When it comes to money, a certain hype exists around hitting psychological thresholds.
Think about the first time your bank account reached $1,000, and it wasn’t already “spent.” I remember feeling a sense of accomplishment: I had finally arrived. Or consider your salary expectations. My college buddies and I used to joke that we’d surely be making six figures by age 30. But in reality, is $900 in the bank much different than $1,000? Is making $90,000 that different from $100,000?
And in the stock market, is 20,000 in the DOW1 really so different than 19,000?
As an investor, it’s important to understand that the “DOW 20K” mark is really just a psychological benchmark, similar to the bank account or salary examples.
The number itself doesn’t suggest anything concrete about what the future may hold, especially considering that the DOW isn’t representative of the business landscape or overall U.S. stock market. The DOW’s weighting methodology can also make milestones appear more significant than they are. In reality, each 1,000-point benchmark actually becomes less meaningful as the DOW increases. For example, the move from 2,000 to 10,000 required a 400% return—but the move from 10,000 to 20,000 required only a 100% return.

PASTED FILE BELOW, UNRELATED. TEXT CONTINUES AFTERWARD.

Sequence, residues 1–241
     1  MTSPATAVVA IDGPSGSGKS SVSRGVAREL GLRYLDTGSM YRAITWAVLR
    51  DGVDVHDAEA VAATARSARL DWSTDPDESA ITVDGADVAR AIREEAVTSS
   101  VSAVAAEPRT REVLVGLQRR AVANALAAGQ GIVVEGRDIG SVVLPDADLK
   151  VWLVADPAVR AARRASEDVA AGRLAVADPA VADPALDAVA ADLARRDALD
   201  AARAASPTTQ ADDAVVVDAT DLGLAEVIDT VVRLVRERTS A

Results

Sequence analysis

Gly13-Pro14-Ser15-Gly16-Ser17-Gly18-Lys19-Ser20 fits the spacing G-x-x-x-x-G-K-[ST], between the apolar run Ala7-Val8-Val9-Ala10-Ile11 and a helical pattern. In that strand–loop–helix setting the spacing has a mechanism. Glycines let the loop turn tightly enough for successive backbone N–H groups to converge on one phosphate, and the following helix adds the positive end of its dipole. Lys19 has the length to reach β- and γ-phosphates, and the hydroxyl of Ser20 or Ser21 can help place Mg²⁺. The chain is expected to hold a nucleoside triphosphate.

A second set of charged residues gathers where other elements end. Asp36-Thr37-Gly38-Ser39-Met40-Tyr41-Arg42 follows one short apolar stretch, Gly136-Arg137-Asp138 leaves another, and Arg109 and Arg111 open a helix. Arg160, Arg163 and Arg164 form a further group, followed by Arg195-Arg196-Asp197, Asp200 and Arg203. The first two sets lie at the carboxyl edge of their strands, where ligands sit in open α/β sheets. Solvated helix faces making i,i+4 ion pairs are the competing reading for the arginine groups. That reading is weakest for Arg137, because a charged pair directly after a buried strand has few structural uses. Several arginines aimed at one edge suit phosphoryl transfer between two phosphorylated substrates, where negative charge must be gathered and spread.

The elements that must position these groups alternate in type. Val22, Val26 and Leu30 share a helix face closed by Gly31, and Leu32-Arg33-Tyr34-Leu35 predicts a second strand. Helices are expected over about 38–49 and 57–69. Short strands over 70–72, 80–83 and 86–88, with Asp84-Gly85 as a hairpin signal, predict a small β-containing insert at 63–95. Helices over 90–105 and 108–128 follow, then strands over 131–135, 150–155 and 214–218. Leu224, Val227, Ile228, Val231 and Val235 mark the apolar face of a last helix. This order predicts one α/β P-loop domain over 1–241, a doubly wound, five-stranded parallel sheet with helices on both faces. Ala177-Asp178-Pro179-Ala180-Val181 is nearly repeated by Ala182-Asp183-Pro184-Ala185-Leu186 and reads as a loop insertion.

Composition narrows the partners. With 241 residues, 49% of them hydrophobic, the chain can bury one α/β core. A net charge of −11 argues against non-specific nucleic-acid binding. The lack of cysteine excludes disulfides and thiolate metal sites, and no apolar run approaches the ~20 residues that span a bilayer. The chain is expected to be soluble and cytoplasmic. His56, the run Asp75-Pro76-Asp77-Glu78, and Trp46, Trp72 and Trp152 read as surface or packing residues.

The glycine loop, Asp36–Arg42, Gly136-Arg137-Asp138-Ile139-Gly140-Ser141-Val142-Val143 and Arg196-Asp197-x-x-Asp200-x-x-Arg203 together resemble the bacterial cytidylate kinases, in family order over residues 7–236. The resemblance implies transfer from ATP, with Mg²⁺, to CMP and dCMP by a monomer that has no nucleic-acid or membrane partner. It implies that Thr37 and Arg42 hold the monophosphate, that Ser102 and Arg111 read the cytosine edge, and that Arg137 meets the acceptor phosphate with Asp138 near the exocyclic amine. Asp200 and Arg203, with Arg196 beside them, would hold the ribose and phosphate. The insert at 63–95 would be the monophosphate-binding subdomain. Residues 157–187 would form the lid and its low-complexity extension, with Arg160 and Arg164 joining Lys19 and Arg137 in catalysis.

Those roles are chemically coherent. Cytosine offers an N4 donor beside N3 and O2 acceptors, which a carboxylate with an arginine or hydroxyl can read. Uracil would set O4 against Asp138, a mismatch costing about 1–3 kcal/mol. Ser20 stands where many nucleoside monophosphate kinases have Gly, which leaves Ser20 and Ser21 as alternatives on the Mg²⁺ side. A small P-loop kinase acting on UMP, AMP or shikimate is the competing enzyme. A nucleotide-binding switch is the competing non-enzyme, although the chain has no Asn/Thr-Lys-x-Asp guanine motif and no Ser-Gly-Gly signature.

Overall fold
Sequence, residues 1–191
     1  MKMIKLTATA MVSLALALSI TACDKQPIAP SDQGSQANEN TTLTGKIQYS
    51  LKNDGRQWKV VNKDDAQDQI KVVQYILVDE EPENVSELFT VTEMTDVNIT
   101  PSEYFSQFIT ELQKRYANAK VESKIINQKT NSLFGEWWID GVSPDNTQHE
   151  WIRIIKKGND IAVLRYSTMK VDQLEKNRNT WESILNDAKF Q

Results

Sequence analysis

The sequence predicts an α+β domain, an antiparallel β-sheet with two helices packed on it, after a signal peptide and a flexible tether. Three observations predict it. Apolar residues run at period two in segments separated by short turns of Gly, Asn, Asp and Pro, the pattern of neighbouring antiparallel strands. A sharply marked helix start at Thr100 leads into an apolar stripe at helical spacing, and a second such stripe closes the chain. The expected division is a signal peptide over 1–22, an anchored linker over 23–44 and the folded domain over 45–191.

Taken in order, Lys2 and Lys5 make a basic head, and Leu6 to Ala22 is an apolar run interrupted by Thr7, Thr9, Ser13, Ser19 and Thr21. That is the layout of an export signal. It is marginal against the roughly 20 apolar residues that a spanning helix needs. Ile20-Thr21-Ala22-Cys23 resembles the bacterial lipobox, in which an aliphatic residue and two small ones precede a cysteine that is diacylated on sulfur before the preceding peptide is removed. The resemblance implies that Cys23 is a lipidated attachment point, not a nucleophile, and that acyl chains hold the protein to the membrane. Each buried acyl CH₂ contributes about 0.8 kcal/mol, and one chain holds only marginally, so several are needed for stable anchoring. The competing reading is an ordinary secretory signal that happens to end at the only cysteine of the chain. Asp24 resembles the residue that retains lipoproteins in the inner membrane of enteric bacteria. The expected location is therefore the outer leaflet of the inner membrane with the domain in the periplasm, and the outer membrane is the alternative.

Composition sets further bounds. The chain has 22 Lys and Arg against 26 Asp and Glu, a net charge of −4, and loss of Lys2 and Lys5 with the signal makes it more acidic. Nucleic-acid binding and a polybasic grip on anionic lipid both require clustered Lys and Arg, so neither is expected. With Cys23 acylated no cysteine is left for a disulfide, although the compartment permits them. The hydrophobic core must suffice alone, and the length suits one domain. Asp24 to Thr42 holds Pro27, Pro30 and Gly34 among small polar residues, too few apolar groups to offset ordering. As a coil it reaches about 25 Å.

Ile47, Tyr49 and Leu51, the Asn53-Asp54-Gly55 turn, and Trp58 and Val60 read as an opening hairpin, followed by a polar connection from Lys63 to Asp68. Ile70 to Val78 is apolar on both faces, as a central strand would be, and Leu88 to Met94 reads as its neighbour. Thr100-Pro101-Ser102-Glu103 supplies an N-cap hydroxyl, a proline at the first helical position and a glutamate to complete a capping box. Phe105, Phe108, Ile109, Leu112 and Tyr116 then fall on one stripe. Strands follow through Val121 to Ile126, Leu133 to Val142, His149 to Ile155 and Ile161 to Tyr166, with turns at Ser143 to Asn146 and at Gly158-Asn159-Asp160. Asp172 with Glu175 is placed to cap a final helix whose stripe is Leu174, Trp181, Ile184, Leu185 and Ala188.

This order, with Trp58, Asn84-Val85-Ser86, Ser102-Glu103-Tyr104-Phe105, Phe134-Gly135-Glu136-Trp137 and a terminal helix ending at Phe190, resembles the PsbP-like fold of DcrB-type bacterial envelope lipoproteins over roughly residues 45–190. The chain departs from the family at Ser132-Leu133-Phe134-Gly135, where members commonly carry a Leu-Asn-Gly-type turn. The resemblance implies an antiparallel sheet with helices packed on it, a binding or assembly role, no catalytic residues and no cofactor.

It can be difficult to tune out media hype. However, eschewing it for a long-term investment approach (and, in this case, a realistic perspective of indices) will ultimately benefit you as an investor. Rather than making emotional-or media-driven investment decisions, focus on the things you can control: asset allocation, risk exposure, investment costs and taxes.